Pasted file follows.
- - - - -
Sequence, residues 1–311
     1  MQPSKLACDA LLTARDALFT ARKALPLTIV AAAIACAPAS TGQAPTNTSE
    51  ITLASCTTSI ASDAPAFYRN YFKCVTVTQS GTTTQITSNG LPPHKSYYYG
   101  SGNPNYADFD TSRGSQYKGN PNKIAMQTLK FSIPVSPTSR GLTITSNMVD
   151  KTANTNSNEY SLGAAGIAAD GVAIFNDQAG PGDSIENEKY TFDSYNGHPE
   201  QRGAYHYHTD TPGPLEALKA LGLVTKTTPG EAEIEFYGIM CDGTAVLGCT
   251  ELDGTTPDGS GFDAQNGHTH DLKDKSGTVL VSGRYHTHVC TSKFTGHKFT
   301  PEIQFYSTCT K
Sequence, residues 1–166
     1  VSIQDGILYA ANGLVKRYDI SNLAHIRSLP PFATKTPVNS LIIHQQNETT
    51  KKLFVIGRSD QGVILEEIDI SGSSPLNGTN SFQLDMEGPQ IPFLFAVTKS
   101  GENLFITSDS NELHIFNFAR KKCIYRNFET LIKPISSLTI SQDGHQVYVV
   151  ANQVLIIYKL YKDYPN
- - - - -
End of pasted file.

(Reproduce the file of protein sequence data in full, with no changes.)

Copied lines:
Sequence, residues 1–311
     1  MQPSKLACDA LLTARDALFT ARKALPLTIV AAAIACAPAS TGQAPTNTSE
    51  ITLASCTTSI ASDAPAFYRN YFKCVTVTQS GTTTQITSNG LPPHKSYYYG
   101  SGNPNYADFD TSRGSQYKGN PNKIAMQTLK FSIPVSPTSR GLTITSNMVD
   151  KTANTNSNEY SLGAAGIAAD GVAIFNDQAG PGDSIENEKY TFDSYNGHPE
   201  QRGAYHYHTD TPGPLEALKA LGLVTKTTPG EAEIEFYGIM CDGTAVLGCT
   251  ELDGTTPDGS GFDAQNGHTH DLKDKSGTVL VSGRYHTHVC TSKFTGHKFT
   301  PEIQFYSTCT K
Sequence, residues 1–166
     1  VSIQDGILYA ANGLVKRYDI SNLAHIRSLP PFATKTPVNS LIIHQQNETT
    51  KKLFVIGRSD QGVILEEIDI SGSSPLNGTN SFQLDMEGPQ IPFLFAVTKS
   101  GENLFITSDS NELHIFNFAR KKCIYRNFET LIKPISSLTI SQDGHQVYVV
   151  ANQVLIIYKL YKDYPN